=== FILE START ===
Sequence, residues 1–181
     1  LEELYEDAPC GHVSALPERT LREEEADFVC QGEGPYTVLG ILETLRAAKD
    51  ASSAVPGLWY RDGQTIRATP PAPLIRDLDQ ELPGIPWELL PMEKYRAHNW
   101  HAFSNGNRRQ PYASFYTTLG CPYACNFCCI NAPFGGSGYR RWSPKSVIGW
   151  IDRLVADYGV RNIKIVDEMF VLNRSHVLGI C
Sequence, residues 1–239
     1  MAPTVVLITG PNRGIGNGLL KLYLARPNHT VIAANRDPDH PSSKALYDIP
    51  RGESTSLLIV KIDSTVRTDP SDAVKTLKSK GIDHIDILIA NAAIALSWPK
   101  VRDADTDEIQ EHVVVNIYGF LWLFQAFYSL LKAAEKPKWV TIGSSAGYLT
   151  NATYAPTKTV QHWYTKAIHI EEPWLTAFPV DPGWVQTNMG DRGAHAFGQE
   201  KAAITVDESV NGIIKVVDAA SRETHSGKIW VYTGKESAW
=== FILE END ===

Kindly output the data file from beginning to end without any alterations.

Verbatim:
Sequence, residues 1–181
     1  LEELYEDAPC GHVSALPERT LREEEADFVC QGEGPYTVLG ILETLRAAKD
    51  ASSAVPGLWY RDGQTIRATP PAPLIRDLDQ ELPGIPWELL PMEKYRAHNW
   101  HAFSNGNRRQ PYASFYTTLG CPYACNFCCI NAPFGGSGYR RWSPKSVIGW
   151  IDRLVADYGV RNIKIVDEMF VLNRSHVLGI C
Sequence, residues 1–239
     1  MAPTVVLITG PNRGIGNGLL KLYLARPNHT VIAANRDPDH PSSKALYDIP
    51  RGESTSLLIV KIDSTVRTDP SDAVKTLKSK GIDHIDILIA NAAIALSWPK
   101  VRDADTDEIQ EHVVVNIYGF LWLFQAFYSL LKAAEKPKWV TIGSSAGYLT
   151  NATYAPTKTV QHWYTKAIHI EEPWLTAFPV DPGWVQTNMG DRGAHAFGQE
   201  KAAITVDESV NGIIKVVDAA SRETHSGKIW VYTGKESAW